Sports Training

A holistic sport(s) training program encompasses the above principles.

It is no longer uncommon to hear someone sharing their race experiences in conversations or on the social media platforms, or being excited about their upcoming sporting endeavors. Participating in a race event is becoming more commonplace.

So what makes a whole athlete? What makes a holistic sport(s) training program?

I would say many athletes are typically motivated to do "S/P/O" and very quickly miss out "R/T" in their training program(s), unless specifically planned by their coaches to engage in such activities to provide variation and some form of stretch and rest.

Although most part of the periodization cycle of an athlete's training involves building up endurance and working towards a peak, cross training and rest form an equally important element to eliminate boredom and deter injuries, or perhaps even recover from one.

I had my share of a freak accident 2 years back resulting in a 2nd metatarsal (toe) fracture. It was one of the most horrid time of my life because for one, my job requires me to move about, and the other quite obviously, I am one who can't keep still. I had my whole calendar year charted out with plans to re-establish my endurance base (after a 3-year hiatus), and to build up for strength and race-specific conditions- Vietnam Mountain Marathon (my first mountain trail event).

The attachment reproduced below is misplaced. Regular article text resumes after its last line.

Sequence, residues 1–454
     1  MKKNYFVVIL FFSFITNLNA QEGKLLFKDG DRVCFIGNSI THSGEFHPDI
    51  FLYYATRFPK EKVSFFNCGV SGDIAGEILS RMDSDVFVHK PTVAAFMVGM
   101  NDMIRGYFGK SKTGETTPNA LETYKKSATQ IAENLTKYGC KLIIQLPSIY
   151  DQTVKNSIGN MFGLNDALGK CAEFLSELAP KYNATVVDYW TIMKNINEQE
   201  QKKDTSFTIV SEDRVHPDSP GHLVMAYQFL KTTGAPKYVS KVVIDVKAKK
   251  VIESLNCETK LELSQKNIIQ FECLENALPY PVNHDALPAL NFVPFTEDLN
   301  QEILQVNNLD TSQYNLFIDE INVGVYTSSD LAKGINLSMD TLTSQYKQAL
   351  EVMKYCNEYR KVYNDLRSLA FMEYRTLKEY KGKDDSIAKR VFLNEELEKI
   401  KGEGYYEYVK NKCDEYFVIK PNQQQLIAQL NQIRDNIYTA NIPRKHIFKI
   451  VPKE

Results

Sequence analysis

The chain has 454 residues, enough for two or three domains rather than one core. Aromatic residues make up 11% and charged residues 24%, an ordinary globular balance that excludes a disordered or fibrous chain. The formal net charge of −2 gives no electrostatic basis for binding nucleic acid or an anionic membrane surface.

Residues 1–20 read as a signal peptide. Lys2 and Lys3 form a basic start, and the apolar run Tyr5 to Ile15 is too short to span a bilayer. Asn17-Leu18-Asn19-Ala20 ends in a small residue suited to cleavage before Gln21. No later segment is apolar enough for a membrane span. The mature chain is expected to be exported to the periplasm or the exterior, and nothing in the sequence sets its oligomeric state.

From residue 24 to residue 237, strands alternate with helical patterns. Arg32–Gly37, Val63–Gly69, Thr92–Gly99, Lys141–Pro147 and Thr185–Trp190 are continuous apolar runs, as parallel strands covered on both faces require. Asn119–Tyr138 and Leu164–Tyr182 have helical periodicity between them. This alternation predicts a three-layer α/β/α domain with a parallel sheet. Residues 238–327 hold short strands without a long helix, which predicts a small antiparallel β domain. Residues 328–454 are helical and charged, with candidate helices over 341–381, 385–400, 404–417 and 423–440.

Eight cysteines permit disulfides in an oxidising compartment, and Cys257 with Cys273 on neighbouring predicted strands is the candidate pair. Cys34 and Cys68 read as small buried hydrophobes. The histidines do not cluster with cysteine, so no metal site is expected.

Getting injured during the first meso-cycle didn't help because I can no longer progress from my base-line, and in fact have to scale back training till the x-ray showed signs of bone recovery. I recall being really frustrated with myself- I was almost crying my brains out after the first week.

I blamed myself a lot, I grumbled because I can't move, I felt bad because I can't train together with my partner. I sneaked cheat times to get out of my boot because as a Pilates teacher, I knew that was going to cause quite an imbalance in my pelvis...

I harbored thoughts of still being able to participate in the Aquathlon at the last minute (although clearly I knew 2 months is not going to do the work) and continued to train in the pool (matching hour for hour I would do on my feet up the trails). I beat the weather (rain or shine) and swam up to 7 hours per week. That was my motivation to get better.

This phase played back in my head last weekend as I started to swim again after a few months off training due to work. My coach's voice spoke beside my ear, "patient leading arm". Swimming helped me get past injury. The learning process helped me appreciate sports biomechanics and the recovery phase, sports psychology. I wouldn't have recovered so quickly if not for the cross training I did in the pool with the opposite impact on the plantar side of the foot that formed a uniform callus shown in the x-ray.

That being said, I have been a firm believer of cross training after my first marathon. Even more so now with knowledge in Sports training (/Sports Science), I am certainly for "Pilates for Sports" because a large part of Pilates has its emphasis on eccentric training and deceleration, and creating balance that are largely disregarded during the sporting season. Off season is the best opportunity for us to work INTO our bodies to find balance and deter overuse injuries, explore other training strategies to keep training fun and enjoyable.

Pilates is surely getting in the limelight with athletes who seek ways to prevent training injuries. I am really fortunate to be able to share more of what I truly believe in the past (and more) weeks ahead.

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